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larryb123456

Why do some versions of Flash Player 9 work on YouTube while other ver

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Hello, everyone:

I have Windows 98 and my "Netscape"-type browsers (i.e., non-IE) are Firefox 2.0.0.20, Netscape 9.0.0.6, and Opera 9.64. I don't have KernelEx, etc. installed (and I don't want to have it installed, since I am a complete novice, I'd be way in over my head, and I don't want to run the risk of totally messing up my computer -- which, with my luck, that's what would happen).

By the way, this is my first real message post here, and I'm totally impressed with the level of skill and breadth of knowledge that forum members display.

I recently spent about a month on the Adobe Flash Player forum in many discussions trying to get Flash Player 9 to work on YouTube with my "Netscape"-type browsers.

During this time, I did much reading on my own and finally found some info on the Firefox forum which basically said:

# 1) Flash Player version 9.0.47.0 (and all earlier versions) will work on YouTube and on other Flash sites; and

# 2) the next newer version of Flash Player, version 9.0.115.0 (and all versions newer than this) will not work on YouTube at all, and this version will exhibit unpredictable behavior on other websites with Flash content (i.e., it will work great on some sites while, on other sites, the browser will crash or a computer hang or crash will result).

I tried this and, indeed, I also found that Flash Player 9.0.47.0 was the "cut-off" version for successful results.

Also, each and every time the browser crashed when I used Flash Player 9.0.115.0 -- and newer versions -- I got the identical dialog-box message for all three of my "Netscape"-type browsers:

"This program has performed an illegal operation and will be shut down." Under "Details" it said, "The browser executed an invalid instruction in module NPSWF32.dll." This module, of course, is the Flash plugin.

Also, in my reading, I found some info where someone said, basically, to copy NPSWF32.dll from C:\Windows\System32\Macromed\Flash to C:\Program Files\Mozilla Firefox\plugins and Flash Player 9 would work. Many others on the web page tried this and found that this was also the solution for them.

For my Windows 98 system, the Flash Player installation folder for Firefox is C:\Windows\System\Macromed\Flash not System 32. When I suggested trying the "copy and paste" of the NPSWF32.dll from the Flash folder to the plugins folder, the person helping me on the Adobe Flash forum advised me against it, saying it might make matters worse. I never tried it, since I respected this person's expertise.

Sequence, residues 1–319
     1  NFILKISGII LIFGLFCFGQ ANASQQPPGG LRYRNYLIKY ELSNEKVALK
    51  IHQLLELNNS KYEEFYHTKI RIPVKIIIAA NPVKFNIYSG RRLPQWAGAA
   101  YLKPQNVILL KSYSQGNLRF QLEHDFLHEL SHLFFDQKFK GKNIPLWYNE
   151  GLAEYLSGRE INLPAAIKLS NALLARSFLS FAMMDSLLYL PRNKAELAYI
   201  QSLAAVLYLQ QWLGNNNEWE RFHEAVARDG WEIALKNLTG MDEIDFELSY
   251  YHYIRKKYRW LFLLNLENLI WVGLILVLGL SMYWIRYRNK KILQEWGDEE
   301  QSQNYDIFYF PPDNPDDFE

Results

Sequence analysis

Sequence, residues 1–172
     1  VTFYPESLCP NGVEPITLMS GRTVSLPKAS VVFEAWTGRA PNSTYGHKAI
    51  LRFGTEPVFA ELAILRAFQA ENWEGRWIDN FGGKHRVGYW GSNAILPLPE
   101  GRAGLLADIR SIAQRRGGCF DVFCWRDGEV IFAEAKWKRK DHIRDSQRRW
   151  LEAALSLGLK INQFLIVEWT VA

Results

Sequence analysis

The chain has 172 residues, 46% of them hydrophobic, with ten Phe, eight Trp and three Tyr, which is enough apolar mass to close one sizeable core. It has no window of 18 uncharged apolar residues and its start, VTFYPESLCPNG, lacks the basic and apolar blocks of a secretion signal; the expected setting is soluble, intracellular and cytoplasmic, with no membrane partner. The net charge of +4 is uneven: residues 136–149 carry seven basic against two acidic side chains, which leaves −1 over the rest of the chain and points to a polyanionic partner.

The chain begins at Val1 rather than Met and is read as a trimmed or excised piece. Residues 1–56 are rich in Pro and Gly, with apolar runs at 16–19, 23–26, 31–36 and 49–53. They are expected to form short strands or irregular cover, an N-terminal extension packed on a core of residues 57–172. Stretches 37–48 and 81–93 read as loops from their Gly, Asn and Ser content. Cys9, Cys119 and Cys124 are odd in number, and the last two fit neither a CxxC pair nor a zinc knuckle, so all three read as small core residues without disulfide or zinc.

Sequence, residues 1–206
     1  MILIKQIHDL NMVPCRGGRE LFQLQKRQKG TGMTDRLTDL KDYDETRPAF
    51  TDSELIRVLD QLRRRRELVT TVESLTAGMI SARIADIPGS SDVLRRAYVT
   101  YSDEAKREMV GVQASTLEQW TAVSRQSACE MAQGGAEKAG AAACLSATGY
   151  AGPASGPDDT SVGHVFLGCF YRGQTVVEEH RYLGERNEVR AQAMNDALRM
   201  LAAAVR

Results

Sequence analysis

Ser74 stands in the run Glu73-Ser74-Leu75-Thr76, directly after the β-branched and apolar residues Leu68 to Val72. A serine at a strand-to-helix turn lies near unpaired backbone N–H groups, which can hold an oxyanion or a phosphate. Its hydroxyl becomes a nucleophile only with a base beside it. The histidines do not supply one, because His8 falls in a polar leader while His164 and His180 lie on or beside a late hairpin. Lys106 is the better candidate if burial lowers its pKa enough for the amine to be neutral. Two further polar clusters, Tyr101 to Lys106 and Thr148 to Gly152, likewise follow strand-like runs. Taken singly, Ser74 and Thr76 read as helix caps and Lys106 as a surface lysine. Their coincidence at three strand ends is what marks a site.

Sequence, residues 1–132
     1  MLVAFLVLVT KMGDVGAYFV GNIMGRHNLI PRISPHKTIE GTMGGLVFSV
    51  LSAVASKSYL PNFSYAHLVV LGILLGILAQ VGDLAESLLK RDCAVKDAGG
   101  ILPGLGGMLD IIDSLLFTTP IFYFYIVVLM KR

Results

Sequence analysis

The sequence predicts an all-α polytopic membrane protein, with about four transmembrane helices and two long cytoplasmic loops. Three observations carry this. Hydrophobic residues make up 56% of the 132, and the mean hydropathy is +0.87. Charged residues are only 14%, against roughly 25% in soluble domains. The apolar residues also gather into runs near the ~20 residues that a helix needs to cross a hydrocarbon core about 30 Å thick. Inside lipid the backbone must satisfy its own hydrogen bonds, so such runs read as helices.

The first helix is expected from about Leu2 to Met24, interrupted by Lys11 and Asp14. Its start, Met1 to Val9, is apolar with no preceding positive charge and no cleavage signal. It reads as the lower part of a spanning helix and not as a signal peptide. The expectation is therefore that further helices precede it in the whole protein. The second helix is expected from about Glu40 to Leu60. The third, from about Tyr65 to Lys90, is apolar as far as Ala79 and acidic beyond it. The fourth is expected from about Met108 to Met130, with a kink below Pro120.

But, I couldn't understand what could be the risk.

It seemed to me that if Flash Player 9 didn't work -- after the copy and paste -- all you needed to do to restore things back to the way they were was to delete the NPSWF32.dll from the plugins folder. I never got an answer to this question.

Does anyone here know if you could create big problems with such a copy and paste ?

I have been doing quite a bit of reading on this site, and interestingly enough, I found a message at

post # 16 by diskless says:

I now have Flash Player 9.0.262.0 installed successfully.

I manually copied NPSWF32.dll and flashplayer.xpt from

the installation folder (\Windows\System\Macromed\Flash) to

the Firefox plugins folder (\Program Files\Mozilla Firefox\plugins)

then FF recognized the plugin the next time it was started.

In my case, even though NPSWF32.dll was not in the Firefox plugins folder (it was in the Macromed\Flash folder), Firefox still recognized it as shown by typing "about:plugins" in the Firefox address bar.

Diskless' approach, of course, is similar to the above-discussed copy and paste of only the NPSWF32.dll file.

I do not mean to question Diskless' expertise, but is it safe to copy and paste NPSWF32.dll and flashplayer.xpt to the plugins folder and then try Firefox with Flash Player 9 ?

It won't mess up my registry or anything will it ?

It seems to me that if it doesn't work for me, all I need to do to restore everything back to normal is just to delete these two files from the plugins folder. As you can tell, I am a novice at all this. I would greatly appreciate any help and answers to my questions.

The person helping me at the Adobe Flash forum was fantastic, but I couldn't get all my questions answered there. That is why I decided to come to this forum.

To summarize:

# 1) Why is Flash Player 9.0.47.0 the "cut-off" version for success on YouTube ?

# 2) What do I need to do to get the latest version of Flash Player 9 -- version 9.0.280.0 -- to work on YouTube ? (Again, I don't want to go the KernelEx, etc. route to achieve this.)

# 3) Is it safe to copy and paste NPSWF32.dll and flashplayer.xpt -- or just NPSWF32.dll -- from the Flash folder to the plugins folder and then try Firefox with Flash Player 9 ?